# Promoting intuition (for undergraduate students): visual thinking, geometic approaches, etc. in the classroom

Note: This question is ment to extend the scope of some related questions of mine. I would appreciate very much any suggestion to improve the way the question is posed.

I would like to ask what is -- according to your experience as students beforehand and educators then -- a sensible approach to develop undergraduate students' mathematical intuition (*) (that is visual thinking, etc.).

As the question is very broad, collections of references to research papers in the field of mathematical education and to fitting textbooks are very welcome ad accepted as helpful answers (at least by me).

(*) in general, but in particular as regards the following fields:

• Analysis;
• Mathematical/theoretical physics/ dynamical systems;
• Linear Algebra;
• Geometry;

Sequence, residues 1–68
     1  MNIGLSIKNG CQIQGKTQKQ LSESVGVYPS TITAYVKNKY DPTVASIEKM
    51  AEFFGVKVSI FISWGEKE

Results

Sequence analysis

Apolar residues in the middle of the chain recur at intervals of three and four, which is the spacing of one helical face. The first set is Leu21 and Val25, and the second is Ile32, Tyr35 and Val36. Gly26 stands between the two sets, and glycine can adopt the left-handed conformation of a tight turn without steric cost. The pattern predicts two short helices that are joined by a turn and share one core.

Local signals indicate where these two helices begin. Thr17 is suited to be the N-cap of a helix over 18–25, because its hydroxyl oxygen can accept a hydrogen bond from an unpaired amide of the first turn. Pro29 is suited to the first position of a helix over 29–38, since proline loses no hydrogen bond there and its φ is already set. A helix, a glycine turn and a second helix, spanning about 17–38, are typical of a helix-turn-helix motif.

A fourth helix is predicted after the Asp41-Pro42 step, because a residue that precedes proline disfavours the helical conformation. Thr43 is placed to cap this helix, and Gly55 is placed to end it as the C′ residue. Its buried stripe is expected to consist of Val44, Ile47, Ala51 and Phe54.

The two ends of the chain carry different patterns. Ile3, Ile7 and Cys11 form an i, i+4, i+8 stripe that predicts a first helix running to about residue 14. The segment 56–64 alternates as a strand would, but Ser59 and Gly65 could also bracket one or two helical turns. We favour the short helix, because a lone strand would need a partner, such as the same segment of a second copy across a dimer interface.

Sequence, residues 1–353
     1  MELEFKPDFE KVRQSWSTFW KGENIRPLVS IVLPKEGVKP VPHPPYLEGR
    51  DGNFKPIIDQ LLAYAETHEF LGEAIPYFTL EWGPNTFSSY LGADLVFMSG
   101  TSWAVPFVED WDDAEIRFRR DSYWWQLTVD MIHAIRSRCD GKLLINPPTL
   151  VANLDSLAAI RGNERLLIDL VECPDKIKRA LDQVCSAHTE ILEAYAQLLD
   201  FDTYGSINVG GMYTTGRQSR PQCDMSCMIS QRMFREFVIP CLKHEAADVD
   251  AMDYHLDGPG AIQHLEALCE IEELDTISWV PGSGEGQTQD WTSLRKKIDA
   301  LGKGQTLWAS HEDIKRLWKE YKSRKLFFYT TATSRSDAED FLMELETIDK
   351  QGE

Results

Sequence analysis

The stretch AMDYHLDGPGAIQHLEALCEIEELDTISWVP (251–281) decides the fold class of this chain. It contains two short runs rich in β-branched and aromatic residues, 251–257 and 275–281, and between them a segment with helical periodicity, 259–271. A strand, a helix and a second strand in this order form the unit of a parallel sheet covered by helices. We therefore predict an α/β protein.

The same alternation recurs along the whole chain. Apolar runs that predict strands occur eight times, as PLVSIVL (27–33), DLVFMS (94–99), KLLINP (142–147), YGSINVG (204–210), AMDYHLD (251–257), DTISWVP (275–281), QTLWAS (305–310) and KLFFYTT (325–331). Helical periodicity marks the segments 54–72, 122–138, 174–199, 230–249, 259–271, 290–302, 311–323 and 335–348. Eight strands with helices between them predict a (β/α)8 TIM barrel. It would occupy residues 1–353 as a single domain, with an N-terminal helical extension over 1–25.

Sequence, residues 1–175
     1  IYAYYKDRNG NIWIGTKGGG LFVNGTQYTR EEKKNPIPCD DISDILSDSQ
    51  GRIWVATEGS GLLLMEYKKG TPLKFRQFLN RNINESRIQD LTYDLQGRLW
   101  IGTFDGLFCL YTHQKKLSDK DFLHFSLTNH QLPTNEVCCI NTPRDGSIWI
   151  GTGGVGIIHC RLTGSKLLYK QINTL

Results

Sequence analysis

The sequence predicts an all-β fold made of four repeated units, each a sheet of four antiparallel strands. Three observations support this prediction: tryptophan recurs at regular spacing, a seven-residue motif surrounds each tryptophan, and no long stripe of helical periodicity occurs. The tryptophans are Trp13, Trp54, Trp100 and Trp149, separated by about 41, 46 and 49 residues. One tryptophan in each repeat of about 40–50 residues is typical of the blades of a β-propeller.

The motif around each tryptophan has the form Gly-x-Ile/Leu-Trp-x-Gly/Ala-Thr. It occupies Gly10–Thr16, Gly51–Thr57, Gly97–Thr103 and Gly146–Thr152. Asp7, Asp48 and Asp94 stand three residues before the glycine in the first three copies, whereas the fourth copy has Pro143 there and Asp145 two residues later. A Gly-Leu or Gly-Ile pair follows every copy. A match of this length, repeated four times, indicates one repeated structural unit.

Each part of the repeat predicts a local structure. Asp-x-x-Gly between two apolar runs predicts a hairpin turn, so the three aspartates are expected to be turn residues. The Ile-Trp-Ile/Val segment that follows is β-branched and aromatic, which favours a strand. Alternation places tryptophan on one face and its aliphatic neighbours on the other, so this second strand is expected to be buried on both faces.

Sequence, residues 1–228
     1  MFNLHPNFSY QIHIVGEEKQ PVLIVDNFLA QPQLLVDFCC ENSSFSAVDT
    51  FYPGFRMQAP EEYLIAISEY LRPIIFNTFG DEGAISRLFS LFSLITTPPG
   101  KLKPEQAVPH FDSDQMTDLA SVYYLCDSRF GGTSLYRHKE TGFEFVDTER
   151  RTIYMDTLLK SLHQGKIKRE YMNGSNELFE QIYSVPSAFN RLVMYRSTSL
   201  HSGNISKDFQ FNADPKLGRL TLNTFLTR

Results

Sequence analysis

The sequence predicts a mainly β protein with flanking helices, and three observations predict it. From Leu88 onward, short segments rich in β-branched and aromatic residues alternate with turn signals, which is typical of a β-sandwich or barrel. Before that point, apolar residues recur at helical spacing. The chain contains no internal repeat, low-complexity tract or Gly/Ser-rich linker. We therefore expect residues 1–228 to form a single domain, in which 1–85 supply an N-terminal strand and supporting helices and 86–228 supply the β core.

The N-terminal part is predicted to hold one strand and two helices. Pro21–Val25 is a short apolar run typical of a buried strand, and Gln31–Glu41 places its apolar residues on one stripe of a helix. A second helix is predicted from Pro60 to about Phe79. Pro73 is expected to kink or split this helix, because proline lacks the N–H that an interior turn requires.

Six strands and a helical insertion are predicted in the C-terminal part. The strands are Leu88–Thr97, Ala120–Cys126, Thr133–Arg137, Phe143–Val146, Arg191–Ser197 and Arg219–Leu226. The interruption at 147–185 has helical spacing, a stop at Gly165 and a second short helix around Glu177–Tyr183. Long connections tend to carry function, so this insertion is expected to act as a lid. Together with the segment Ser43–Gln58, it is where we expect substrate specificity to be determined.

• Abstract Algebra;
• Number Theory;
• Probability/Combinatorics.
• Not as specific as you would like, but you still might find this question relevant. Nov 3, 2014 at 14:51

For Linear Algebra, try this classic MAA volume: Resources for Teaching Linear Algebra. It gives a lot of examples of different ways teachers have worked to make linear algebra more concrete, applications oriented, visual, technology-based, etc.

http://eric.ed.gov/?id=ED407244

For Vector Calculus, I particularly liked the problems and curricula from the Vector Calculus Bridge Project. They apparently have disabled the download link, though, and you'll have to email them to get a copy of their labs and instructor's guide.

http://math.oregonstate.edu/bridge/

I've been using origami and pop-up card design as vehicles to teach geometry (and algebra and combinatorics and ...). Here is one example; pardon the self promotion:

"From Pop-Up Cards to Coffee-Cup Caustics: The Knight's Visor," 2012. (arXiv link).

• Thank you. I will definitely read the paper.
– Dal
Oct 27, 2014 at 21:47
• Along these lines, people seem to love the hexaflexagons video. youtube.com/watch?v=VIVIegSt81k Nov 3, 2014 at 18:44
• @Dal: Thank you! :-) Nov 9, 2014 at 20:17